Sustainable management of urbanization

Sarwar Md. Saifullah Khaled | Published: November 09, 2018 20:10:01 | Updated: November 14, 2018 21:32:44

To become an upper middle-income country by 2021, Bangladesh, according to World Bank (WB), must manage its urbanisation sustainably. Being Bangladesh's long-term development partner, WB looks forward to working together to improve the livability, competitiveness, and sustainability of cities across the country. Of late, the multilateral lending agency has identified the challenges and ways forward to improve the cities here during a Dhaka conference, joined by over 300 mayors from across the country along with a number of mayors from abroad, urban planners and professionals.

Cities are called engines of growth. But rapid and unplanned urbanisation holds back cities from realising their full potential. Such urbanisation here has affected the liveability in cities. Country's city planning needs to be done in a more sustainable way so that rapidly urbanising parts have necessary infrastructures and services to make them good places to live in. About 54 million Bangladeshis live in cities today, and the number will more than double in next 35 years. Yet, one-fifth of urban dwellers live in utter poverty.

In Bangladesh, most of the cities and municipalities offer inadequate infrastructure and low levels of urban services. For local infrastructure, the country needs to increase spending. Compared to total public expenditure, the share of local spending - at about 3.0 per cent -is one of the lowest in the world. As a result, the cities are underperforming in terms of liveability. As a result, the cities are underperforming in terms of liveability. To meet the challenges of rapid urbanisation, the Centre of Excellence for Urban Development, a platform to exchange knowledge and build the capacity of the municipalities aimed at improving the liveability of cities has been introduced. The Centre is piloting a Young Professional Internship Programme aimed at planners, architects and engineers in 11 urban local governments. This is to forge partnerships for knowledge exchange on global best practices and city leadership.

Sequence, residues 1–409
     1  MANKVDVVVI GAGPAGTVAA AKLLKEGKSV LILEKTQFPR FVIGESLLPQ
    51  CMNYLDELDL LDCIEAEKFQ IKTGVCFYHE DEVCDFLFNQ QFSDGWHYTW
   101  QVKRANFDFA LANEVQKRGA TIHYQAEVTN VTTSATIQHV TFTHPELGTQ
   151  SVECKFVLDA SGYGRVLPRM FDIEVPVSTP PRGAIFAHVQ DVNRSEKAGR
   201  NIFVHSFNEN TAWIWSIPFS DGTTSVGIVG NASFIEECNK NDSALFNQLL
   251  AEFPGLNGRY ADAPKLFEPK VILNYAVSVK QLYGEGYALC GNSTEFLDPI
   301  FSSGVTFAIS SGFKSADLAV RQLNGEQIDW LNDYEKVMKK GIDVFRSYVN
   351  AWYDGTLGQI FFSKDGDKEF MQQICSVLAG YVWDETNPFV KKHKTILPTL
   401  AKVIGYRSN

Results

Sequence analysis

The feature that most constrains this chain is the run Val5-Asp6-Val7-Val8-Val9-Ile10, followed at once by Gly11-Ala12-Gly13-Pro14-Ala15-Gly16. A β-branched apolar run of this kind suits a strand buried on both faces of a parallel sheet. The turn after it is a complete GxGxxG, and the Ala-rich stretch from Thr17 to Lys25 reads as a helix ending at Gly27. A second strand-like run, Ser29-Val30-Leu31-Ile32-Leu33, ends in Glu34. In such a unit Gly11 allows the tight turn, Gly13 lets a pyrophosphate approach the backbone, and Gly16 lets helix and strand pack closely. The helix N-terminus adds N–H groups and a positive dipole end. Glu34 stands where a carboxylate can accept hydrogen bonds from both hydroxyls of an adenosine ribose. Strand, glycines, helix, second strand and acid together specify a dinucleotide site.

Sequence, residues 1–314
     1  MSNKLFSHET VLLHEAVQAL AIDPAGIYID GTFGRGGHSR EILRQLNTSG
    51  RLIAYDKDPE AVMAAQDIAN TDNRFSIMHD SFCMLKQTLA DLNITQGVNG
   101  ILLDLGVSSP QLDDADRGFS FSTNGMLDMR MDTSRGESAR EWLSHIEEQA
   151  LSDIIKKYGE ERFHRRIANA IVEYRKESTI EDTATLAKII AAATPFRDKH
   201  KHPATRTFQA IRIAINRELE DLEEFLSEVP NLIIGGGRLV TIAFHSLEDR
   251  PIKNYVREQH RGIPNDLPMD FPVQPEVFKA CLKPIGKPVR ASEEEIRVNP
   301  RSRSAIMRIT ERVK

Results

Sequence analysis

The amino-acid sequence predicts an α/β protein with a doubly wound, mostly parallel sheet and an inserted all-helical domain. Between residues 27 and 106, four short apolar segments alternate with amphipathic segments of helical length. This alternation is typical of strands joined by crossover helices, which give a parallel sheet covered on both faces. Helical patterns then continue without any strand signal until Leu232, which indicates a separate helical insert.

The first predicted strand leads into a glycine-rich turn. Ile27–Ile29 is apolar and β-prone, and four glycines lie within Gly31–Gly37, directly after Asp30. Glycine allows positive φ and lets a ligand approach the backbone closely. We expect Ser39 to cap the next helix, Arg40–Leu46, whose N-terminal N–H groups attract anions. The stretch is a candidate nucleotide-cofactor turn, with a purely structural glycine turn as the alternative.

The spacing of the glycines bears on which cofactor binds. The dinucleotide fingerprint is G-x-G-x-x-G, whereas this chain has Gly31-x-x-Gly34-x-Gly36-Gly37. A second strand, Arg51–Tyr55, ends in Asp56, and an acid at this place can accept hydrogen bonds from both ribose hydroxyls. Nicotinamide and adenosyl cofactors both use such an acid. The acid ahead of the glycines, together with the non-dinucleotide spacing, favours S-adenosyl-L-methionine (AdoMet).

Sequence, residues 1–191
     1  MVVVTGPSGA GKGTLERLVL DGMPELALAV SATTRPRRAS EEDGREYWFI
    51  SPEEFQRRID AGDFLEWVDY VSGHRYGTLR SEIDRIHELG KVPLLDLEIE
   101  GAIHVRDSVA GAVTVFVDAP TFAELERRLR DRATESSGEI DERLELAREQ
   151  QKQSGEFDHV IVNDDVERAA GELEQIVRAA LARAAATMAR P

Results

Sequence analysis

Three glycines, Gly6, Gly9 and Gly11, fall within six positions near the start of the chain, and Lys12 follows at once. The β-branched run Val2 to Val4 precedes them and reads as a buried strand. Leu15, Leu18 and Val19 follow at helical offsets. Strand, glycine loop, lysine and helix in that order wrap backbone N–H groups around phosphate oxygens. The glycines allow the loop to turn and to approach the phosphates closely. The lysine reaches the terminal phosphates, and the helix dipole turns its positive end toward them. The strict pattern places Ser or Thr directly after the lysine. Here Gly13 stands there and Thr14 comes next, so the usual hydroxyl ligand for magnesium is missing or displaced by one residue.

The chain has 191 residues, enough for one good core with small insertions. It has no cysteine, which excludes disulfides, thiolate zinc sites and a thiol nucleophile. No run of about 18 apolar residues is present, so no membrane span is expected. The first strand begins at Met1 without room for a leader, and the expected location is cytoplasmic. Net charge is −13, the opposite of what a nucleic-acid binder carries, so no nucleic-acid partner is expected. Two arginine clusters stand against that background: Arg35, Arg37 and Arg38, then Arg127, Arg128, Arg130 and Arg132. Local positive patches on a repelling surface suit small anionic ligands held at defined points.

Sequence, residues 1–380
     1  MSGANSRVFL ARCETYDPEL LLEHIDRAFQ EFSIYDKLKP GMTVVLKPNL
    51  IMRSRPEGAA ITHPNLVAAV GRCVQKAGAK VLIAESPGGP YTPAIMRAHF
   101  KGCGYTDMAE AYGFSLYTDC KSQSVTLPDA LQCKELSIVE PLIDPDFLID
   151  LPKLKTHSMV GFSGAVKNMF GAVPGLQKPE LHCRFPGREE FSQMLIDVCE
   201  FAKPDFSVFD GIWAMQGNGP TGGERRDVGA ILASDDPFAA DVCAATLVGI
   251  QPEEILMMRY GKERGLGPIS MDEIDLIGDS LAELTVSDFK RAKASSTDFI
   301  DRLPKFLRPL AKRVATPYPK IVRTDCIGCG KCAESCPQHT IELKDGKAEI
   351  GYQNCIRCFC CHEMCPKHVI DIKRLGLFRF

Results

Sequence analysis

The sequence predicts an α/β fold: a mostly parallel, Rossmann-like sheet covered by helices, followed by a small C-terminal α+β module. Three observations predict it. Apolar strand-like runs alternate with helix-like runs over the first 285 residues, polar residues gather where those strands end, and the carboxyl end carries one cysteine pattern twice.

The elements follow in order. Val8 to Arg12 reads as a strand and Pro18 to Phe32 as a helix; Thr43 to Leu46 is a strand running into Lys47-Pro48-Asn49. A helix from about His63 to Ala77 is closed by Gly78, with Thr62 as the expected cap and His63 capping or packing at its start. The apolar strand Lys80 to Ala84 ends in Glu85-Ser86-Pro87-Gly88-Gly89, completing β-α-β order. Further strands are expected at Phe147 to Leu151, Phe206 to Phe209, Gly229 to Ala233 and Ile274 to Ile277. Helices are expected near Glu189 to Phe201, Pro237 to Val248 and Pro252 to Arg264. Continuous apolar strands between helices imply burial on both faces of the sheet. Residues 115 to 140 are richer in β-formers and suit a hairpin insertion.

The Centre of Excellence will also announce the winners of the national Champion City Awards Programme - the first of its kind in the country - which recognises good practices and innovative solutions. Experts and city planners emphasise on making long-term plans and policies for sustainable urbanisation in the country. Unplanned urbanisation creates various problems for the city-dwellers. The government, however, says that it is working relentlessly for the development of cities to improve people's living standard; public representatives are playing an important role in the development of cities. They are taking effective plans and policies to make the cities liveable for the people.

Bangladesh's economy is now on a strong footing. Compared to its neighbours, Bangladesh is now ahead in different indicators of socio-economic development. Capital Dhaka, alongside other cities, is witnessing rapid urbanisation here. But the city authorities are facing different problems due to rapid urbanisation as many developments are not taking place based on proper planning. Under such circumstances, sustainable development of Dhaka and other cities is needed based on proper planning and better coordination among relevant organisations. It is also to be noted here that poor drainage system is mostly responsible for water-logging in Dhaka and other cities. Therefore, improving drainage system as well as recovering canals and water-bodies in and around the cities are essential to get rid of inundation. For this to happen, taking an action-plan identifying different problems in Dhaka and other cities are necessary to make development sustainable. But for sustainable urbanisation, long-term plans and policies sound imperative.

Sarwar Md. Saifullah Khaled is a retired Professor of Economics.

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